Guinevere is split into two queens; both named Guinevere (Guenever in the first case). Guenever dies in childbirth early into her marriage with Arthur and Guinevere is the barren Queen who is kidnapped by Melwas. By all accounts from Merlin, Guinevere is pretty damn awesome-- a good horsewoman (always) who is a dear friend of Arthur's whose council is always wanted. This is why Merlin's slut shaming up until Arthur called him on it was particularly egregious. Nimuë hadn't been introduced yet and it would have been one more powerful woman defined completely by her sexuality. So I was very glad when she proved to be more than that. At the end of the book, her affair with Bedwyr is ambiguous and I am of the opinion that while they are in love, they haven't acted on their feelings beyond maybe kissing. And they basically have Arthur's permission to find comfort with each other so it's not really a betrayal.
Ygraine appears at the beginning of the book to tell Merlin how evil Morgause is and then dies due to illness. Bedwyr is a faithful friend to Arthur's even after he falls in love with Guinevere and is completely torn between his love for both his king and queen. Geraint makes a brief appearance as a commander of a fortress-- sent their by Uther and then forgotten. Merlin discovers him and he proves an invaluable member of Arthur's army. Cei is Arthur's seneschal and the one who goes to get Merlin's help when Guinevere is kidnapped. Melwas at first shows himself to be a good and loyal ally of Arthur's until he kidnaps Guinevere and tries to rape her. Then Arthur defeats him in battle and they're mostly okay after that. Lot ends up marrying Morgause instead of Morgan and murders a bunch of babies because he can. Somehow he remains and ally of Arthur's before he dies in battle while Morgause is pregnant with their fourth child. Accolon escorts Morgan north for her marriage, becomes her lover and her champion in her attempt to overthrow her brother. Arthur kills him. The Orkney brothers make a brief appearance at the very end of the book and we will soon be seeing more of them. Pelleas marries Nimuë. Ector is still around and it's at his holding where Merlin recovers from his madness. Cador is still around too as a loyal soldier and dies near the end of the book just before Merlin's not!death.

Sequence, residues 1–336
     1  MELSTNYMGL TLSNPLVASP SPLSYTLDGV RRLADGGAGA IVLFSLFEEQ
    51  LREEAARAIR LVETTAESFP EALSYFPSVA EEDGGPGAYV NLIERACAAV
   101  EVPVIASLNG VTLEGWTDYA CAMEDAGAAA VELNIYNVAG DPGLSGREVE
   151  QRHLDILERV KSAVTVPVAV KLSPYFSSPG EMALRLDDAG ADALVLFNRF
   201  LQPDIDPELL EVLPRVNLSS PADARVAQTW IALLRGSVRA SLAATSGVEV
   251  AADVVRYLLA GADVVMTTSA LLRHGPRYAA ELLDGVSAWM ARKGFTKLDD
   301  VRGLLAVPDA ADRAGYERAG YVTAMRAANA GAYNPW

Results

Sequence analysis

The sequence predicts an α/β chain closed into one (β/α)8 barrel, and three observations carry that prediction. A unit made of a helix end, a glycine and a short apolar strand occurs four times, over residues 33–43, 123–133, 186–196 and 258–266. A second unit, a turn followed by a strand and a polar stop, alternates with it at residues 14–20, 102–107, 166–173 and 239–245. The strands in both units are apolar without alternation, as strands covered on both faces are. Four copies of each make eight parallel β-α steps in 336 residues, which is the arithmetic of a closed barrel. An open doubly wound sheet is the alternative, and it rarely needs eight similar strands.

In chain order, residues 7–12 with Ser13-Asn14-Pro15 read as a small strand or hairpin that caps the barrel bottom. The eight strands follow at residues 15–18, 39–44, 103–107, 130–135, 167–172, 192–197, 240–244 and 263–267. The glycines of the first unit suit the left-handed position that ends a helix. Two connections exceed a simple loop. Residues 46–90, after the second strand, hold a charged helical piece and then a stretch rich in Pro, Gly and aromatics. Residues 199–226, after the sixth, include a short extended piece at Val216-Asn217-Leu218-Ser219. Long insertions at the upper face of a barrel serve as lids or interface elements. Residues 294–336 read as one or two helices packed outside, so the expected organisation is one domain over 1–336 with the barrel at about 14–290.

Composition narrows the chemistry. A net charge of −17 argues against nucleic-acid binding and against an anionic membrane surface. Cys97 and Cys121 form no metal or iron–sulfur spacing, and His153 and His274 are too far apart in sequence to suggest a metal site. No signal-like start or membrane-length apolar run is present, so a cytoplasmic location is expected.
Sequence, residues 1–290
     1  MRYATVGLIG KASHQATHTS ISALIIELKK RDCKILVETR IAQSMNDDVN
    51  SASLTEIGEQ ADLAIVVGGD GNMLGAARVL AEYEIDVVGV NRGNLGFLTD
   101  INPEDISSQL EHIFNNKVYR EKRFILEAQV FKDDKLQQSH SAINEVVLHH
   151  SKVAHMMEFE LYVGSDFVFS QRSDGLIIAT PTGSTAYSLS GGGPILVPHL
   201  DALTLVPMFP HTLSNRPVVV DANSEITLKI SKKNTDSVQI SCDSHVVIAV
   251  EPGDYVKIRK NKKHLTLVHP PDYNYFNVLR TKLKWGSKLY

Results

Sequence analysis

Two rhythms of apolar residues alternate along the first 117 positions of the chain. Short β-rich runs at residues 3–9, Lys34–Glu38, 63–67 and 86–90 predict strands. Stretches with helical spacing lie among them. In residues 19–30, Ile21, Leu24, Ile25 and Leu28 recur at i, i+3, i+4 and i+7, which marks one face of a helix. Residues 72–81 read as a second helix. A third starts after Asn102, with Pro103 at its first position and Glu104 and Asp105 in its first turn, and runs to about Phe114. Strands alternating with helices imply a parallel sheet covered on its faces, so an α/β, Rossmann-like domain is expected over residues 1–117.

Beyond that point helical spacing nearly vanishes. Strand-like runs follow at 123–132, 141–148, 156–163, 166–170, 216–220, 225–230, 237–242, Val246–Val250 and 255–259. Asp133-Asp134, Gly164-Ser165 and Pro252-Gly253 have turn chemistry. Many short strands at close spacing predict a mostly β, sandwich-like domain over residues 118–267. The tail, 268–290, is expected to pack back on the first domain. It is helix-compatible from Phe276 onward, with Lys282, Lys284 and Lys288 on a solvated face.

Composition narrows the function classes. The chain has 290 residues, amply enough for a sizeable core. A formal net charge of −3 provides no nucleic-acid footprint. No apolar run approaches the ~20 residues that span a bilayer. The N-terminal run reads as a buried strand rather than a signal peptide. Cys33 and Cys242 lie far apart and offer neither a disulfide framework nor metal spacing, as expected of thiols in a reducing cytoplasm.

So... I leave this book with the overwhelming sense that I enjoyed it. It had its problems and I don't have any trouble pointing those out. It was a rather emotional roller coaster ride with Merlin being so horrible at the beginning. But something happened midway through that I honestly wasn't expecting-- Arthur called out his bad behavior and Merlin listened and changed. Ultimately I think that emotional roller coaster was the emotional response Mary Stewart was trying to elicit from her readers. And on the whole, in spite of everything, I leave this book feeling good about it. And so, even though I can probably list more things I disliked about the book than liked, I'm giving it four stars. Overall, this story worked.